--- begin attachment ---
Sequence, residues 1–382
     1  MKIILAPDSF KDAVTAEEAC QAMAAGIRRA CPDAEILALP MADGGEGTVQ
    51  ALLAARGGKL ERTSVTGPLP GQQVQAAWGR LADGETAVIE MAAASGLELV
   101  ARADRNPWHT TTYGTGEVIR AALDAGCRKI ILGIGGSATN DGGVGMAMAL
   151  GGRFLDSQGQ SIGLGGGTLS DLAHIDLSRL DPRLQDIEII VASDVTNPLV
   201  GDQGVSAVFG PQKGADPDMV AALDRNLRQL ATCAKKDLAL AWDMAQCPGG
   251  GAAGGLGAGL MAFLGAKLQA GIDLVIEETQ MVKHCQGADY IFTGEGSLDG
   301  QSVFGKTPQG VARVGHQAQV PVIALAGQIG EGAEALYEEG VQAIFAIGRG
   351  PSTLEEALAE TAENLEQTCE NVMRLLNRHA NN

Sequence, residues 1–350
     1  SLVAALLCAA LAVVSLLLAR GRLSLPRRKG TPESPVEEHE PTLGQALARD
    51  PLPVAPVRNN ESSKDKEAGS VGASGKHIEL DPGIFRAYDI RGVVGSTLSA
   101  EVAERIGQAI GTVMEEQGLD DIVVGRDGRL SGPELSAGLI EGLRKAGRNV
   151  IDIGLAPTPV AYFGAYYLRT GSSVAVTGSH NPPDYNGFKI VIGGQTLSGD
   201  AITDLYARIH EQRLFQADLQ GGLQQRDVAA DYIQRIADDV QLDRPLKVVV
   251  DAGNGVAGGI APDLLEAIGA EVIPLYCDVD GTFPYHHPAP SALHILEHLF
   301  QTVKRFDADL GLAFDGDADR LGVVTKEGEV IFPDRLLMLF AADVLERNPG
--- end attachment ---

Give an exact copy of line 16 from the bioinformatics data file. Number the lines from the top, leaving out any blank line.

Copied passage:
   251  DAGNGVAGGI APDLLEAIGA EVIPLYCDVD GTFPYHHPAP SALHILEHLF